2005) that structure academic interactions and thus helps them see the connec-
tion between the text they write and the research activity.
Definition of the academic context as a culture and disciplines
My teaching practice has always included the analysis of students’ text and
the observation of their struggle and my own to write and become an academic
writer. This teaching and writing experience finds expression in Charles Bazer-
I found that I could not understand what constituted an appropri-
ate text in any discipline without considering the social and intel-
lectual activity which the text was part in. (Bazerman, 1988, p. 4)
In order to define the “social and intellectual activity which the text was part
in” I have resorted to SFL perspective on language, genre, register, and text2.
Academic discourse, genre, register and text
Academic discourse can be described as the linguistic expression and con-
struction of concepts, values and practices shared by members of an institu-
The Role of Context in Academic Text Production and Writing Pedagogy
tion characterized by technical language and researching, teaching, learning and
publishing practices that are constituted in different genres and registers. In SFL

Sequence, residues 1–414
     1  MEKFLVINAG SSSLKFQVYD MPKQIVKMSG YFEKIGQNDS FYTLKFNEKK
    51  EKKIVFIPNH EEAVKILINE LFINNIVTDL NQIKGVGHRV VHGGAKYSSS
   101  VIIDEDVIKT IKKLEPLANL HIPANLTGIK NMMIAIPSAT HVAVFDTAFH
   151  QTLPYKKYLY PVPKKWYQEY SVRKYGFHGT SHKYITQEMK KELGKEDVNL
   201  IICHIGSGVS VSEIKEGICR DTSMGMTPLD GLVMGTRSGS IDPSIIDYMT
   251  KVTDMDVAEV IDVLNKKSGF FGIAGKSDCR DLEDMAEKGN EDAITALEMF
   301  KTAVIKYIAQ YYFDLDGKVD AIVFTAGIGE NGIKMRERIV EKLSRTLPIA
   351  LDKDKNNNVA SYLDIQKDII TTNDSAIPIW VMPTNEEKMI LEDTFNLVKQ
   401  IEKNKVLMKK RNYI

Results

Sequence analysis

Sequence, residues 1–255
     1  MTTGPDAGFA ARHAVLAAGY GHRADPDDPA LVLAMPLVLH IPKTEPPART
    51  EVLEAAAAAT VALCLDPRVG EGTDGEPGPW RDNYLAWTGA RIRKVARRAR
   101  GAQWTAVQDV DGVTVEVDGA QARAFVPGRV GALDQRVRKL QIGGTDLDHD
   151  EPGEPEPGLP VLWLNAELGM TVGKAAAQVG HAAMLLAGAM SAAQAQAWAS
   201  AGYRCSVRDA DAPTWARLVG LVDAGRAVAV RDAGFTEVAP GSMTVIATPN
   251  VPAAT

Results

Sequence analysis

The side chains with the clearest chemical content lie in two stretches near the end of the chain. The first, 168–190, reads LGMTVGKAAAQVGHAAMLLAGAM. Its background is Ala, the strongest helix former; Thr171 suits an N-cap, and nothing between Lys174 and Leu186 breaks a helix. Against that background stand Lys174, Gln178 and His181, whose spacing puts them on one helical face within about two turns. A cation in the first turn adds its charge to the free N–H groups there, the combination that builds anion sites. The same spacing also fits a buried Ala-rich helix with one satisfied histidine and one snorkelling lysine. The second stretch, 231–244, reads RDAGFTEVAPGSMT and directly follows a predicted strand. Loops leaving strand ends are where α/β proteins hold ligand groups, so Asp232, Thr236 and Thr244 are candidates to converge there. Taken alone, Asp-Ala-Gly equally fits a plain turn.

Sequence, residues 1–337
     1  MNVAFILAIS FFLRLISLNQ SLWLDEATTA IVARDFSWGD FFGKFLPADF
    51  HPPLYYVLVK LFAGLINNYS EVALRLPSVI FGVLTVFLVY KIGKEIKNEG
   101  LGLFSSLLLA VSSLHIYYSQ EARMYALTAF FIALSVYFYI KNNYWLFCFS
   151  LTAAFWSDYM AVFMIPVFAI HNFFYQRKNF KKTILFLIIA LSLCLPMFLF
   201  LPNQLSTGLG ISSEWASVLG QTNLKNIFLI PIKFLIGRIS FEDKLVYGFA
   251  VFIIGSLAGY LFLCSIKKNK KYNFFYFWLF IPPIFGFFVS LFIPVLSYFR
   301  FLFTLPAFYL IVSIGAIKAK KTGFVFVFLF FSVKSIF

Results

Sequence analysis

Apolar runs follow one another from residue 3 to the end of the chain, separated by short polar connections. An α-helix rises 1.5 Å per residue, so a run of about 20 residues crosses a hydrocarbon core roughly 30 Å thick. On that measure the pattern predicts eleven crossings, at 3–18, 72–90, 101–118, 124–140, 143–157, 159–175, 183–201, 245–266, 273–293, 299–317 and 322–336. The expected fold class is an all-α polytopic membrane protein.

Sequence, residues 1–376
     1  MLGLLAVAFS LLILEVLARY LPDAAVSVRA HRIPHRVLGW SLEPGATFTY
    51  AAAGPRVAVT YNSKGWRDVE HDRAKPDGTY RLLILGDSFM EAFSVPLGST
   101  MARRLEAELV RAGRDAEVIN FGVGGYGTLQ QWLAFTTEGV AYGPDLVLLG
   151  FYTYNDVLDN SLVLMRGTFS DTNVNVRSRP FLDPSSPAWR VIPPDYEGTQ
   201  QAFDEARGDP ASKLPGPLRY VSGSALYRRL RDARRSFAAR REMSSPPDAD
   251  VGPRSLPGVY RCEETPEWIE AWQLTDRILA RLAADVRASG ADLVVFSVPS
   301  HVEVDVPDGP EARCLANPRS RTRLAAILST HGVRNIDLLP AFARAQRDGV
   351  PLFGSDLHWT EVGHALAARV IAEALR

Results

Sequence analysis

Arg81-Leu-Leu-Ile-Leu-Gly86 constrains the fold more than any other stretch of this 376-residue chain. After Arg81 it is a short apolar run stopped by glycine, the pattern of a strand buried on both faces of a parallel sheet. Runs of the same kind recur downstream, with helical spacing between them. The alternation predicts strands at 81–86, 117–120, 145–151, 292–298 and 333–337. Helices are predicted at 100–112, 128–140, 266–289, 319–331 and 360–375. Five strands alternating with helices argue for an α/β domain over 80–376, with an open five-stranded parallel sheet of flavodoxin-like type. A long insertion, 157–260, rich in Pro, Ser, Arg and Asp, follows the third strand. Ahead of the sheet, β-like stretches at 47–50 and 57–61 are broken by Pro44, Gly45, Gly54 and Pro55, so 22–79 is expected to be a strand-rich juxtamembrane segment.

terms, language is a “system of meaning creation,” that is, a system in which
meaning is “the product of the interrelations among the parts” of the system of
language and context (Martin, 1992, pp. 497-498). Both genre and register are
oriented to the context.
In the broad “Context of Culture” (Halliday, 1989, p. 6), defined as the
actions and the meanings (and the values attached to them) produced by the
members of a social group, genres are these members’ intersubjective representa-
tions of the types of situations and texts that recurrently co-occur in that social
group and thus distinguish it from other social groups and their respective cul-
In the “Context of Situation” (Halliday, 1989, p. 6), defined as the environ-
ment of the text, the set of meanings that is possible/probable (potentially avail-
able) in a given situation, register is “the configuration of semantic resources that
the member of the culture associates with a situation type” (Martin, 1992, p.